Size Limit, a tool to prevent JavaScript libraries bloat, released

A tool that allows you to know the exact amount of kilobytes the JS library increases the user bundle has been launched
06 July 2017   1776
Continuous integration

In software engineering, continuous integration (CI) is the practice of merging all developer working copies to a shared mainline several times a day

Evil Martians Lead Developer Andrey Sitnik presents a tool that allows users to know exactly for how many kilobytes their JS library increases the user bundle. According to description, users now "can add Size Limit to their continuous integration service (such as Travis CI) and set the limit" and "if they accidentally add a massive dependency, Size Limit will throw an error".


JavaScript is a lightweight interpreted or JIT-compiled programming language with first-class functions

Size Limit in progress  Size Limit in progress

What is even more interesting about Size Limit, it can tell you not only the library size, but also why your library has this size, while showing real cost of all your internal dependencies.

What Size Limit actually does is that "it creates empty webpack project in memory. Then it adds your library as dependency to this project and calculate real cost of your libraries including all dependencies and webpack’s polyfills for process, etc".

As the creator of the tool Andrey Sitnik told us, Size Limit has emerged from Logux. The working process was conducted on weekends and overall it took 2 days to create Size Limit.

There're several browser components in Logux. I got really tired of the fact that many developers of libraries do not think about the price of dependencies at all and connect a lot of large unnecessary files. That's why I decided to take the issue of the final library size very seriously.

Andrey Sitnik
Evil Martians Lead Developer

As Andrey explains, any optimization necessarily begins with profiling. Thus, premature optimization is an "absolute evil" and you should always optimize only looking at metrics.

Unfortunately, there is no such opportunity as just to take a file and have a look at its size: this is an npm project consisting of many files and dependencies. Besides, the size of the library should be observed only after UglifyJS and gzip in order to be as close to "combat conditions" as possible. So that he put webpack.config.js in the project and wrote a couple of scripts that would pack the library into webpack and show the size.

Eventually, it was discovered that all these scripts for webpack and especially its configuration are larger than the library itself. A lot of unnecessary files appeared in the library folder, so the developer of Size Limit created an independent project to connect them to his libraries with the single line.

Thus, with the help of Size Limit Andrey Sitnik managed to improve the size of Logux Client greatly, which was an increase of 2-3 times.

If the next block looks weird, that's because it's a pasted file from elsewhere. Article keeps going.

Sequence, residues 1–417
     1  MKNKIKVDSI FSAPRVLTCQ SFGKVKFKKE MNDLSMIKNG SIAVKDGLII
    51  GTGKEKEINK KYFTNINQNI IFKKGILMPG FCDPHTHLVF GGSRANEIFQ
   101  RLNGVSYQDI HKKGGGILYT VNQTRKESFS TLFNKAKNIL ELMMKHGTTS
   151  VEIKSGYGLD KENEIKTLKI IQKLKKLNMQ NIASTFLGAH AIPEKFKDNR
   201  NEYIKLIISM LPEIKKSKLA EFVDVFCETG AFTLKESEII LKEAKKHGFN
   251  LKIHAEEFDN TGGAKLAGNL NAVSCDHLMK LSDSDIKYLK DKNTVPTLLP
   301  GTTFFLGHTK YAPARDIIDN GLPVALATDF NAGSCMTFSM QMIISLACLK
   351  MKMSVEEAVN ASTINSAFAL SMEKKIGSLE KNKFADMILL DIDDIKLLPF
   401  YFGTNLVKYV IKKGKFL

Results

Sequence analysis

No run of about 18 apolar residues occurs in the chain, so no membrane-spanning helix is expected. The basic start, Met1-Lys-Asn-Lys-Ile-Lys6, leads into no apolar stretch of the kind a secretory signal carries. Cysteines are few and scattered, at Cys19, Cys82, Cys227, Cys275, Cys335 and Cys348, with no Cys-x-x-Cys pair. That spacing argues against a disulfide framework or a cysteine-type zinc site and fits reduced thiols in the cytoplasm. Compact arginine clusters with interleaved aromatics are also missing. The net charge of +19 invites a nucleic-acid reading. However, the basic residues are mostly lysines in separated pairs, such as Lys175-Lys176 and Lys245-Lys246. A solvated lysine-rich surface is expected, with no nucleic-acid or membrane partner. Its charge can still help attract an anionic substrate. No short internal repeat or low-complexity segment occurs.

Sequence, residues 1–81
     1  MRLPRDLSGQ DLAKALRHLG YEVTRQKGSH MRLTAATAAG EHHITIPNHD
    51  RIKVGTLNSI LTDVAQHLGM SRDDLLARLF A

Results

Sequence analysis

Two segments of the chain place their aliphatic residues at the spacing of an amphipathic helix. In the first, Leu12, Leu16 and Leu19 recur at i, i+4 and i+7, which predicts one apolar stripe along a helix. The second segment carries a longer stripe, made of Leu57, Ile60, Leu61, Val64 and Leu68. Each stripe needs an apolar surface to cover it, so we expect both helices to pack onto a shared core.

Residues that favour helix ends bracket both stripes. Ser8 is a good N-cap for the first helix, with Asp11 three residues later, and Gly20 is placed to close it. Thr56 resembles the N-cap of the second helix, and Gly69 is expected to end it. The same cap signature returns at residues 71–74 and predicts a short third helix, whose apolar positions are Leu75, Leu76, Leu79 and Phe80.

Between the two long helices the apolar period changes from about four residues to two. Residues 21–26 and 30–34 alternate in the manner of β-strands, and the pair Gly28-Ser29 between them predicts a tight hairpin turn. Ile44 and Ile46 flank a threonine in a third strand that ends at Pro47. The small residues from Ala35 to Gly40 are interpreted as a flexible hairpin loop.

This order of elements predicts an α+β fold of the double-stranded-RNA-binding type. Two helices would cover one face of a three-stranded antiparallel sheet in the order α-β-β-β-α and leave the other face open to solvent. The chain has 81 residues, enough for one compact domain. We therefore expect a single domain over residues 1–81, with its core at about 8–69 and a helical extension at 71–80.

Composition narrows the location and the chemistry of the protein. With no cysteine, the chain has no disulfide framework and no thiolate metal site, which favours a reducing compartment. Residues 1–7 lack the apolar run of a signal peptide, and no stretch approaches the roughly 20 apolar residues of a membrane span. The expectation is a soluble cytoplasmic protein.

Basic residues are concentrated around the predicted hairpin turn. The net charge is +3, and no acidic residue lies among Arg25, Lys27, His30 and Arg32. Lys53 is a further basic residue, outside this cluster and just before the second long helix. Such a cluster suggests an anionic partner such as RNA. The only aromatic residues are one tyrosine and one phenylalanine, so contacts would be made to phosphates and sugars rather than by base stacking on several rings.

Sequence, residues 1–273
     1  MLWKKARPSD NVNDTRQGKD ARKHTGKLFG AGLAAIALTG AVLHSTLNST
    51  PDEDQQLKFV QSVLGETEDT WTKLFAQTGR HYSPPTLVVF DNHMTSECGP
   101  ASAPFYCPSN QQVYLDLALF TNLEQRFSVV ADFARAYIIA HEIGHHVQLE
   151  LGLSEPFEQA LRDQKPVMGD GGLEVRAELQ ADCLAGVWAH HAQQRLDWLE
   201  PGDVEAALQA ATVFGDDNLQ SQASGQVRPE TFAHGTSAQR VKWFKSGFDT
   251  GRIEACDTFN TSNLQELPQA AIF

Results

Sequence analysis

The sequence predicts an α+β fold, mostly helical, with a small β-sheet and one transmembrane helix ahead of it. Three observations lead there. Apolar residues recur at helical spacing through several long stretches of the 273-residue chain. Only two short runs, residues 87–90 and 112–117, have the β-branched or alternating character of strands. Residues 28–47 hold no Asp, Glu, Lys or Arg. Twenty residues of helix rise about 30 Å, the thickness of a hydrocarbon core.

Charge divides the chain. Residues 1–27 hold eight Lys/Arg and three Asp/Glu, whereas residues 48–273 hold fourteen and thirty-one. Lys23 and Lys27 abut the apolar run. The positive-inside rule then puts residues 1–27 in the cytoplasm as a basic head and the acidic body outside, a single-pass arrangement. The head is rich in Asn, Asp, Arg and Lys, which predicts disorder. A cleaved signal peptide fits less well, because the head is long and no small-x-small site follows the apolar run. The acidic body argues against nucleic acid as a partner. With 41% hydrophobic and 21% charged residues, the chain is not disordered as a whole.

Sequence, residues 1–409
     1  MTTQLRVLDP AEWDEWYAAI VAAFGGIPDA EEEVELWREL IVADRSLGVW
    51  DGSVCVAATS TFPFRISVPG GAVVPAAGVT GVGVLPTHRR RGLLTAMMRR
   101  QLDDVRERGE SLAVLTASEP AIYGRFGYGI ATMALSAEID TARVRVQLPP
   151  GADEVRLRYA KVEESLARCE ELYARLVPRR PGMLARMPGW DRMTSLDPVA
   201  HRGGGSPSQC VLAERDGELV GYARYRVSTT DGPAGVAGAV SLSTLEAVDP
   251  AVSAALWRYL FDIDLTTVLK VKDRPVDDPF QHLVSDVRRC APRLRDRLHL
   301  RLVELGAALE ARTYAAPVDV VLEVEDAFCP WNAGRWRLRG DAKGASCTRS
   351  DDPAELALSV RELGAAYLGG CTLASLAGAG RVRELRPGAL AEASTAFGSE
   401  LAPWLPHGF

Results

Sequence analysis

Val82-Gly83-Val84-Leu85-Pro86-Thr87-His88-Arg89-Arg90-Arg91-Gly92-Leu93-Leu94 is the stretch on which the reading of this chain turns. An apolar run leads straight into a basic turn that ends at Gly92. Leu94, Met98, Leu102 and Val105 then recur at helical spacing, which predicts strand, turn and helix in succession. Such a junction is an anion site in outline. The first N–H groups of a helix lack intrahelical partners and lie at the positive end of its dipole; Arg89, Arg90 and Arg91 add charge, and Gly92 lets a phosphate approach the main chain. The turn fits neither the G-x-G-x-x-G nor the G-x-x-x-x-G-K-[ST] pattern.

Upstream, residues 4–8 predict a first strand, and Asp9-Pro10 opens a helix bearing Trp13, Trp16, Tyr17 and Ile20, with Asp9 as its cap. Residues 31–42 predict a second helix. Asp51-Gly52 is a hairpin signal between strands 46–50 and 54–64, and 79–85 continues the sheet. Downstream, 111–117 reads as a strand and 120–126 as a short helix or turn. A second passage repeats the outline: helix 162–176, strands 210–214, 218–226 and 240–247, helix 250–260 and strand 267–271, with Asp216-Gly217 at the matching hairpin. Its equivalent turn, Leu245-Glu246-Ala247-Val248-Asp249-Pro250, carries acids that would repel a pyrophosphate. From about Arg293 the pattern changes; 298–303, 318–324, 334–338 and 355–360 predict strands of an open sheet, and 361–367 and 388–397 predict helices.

Webpack Bundle Analyzer showed two problems:

  • The first one was node-uuid using. The size of the file was larger than the Logux Client itself. At the same time there was a need for a real UUID, a random sequence would be enough. So the developer had to switch to an analog of smaller size.
  • The second problem was that the library for DevTools color output was connected. The library itself wasn't large at all, but its author used the process variable incorrectly. As a result, the webpack inserted a polyfile for the process, which was larger than the library. The report concerning the error was sent to the PR author.

As far as CI services preferences are concerned, Andrey Sitnik claims that Travis CI is an industrial standard for open source. He carries out additional testing on AppVeyor for PostCSS to make sure that tests pass on Windows. The author of Size Limit also uses a full paid version of Travis CI in work. In Evil Martians, the company in which he works, everyone has experience with Travis CI and it is convenient to use it for closed projects as well.

Matrix & Riot Hosts Shut Down Due to Hack

Matrix team says that the hacking was done through a vulnerability in an un-upgraded Jenkins continuous integration system
12 April 2019   1397

The developers of the platform for decentralized messaging Matrix have announced an emergency shutdown of the servers and (the main client of the Matrix) in connection with the hacking of the project infrastructure. The first shutdown took place last night, after which the servers were restored, and the applications were reassembled from the reference source. But a few minutes ago the servers were compromised a second time.

The attackers placed on the main page of the project detailed information about the server configuration and the data on whether they have a database with hashes of almost five and a half million Matrix users. As evidence, hash password of project leader is in open access. The modified site code is placed in the repository of attackers on GitHub (not in the official matrix repository). Details about the second hack are not yet available.

After the first hacking, the Matrix team published a report stating that the hacking was done through a vulnerability in an un-upgraded Jenkins continuous integration system. After gaining access to the server with Jenkins, the attackers intercepted the SSH keys and were able to access other infrastructure servers. It was stated that the source code and packages were not affected by the attack. The attack also did not affect servers. But the attackers gained access to the main DBMS, which also contains unencrypted messages, access tokens and password hashes.

All users were adviced to change passwords. But in the process of changing passwords in the main Riot client, users are faced with the loss of files with backup copies of keys for restore encrypted correspondence and the inability to access message history.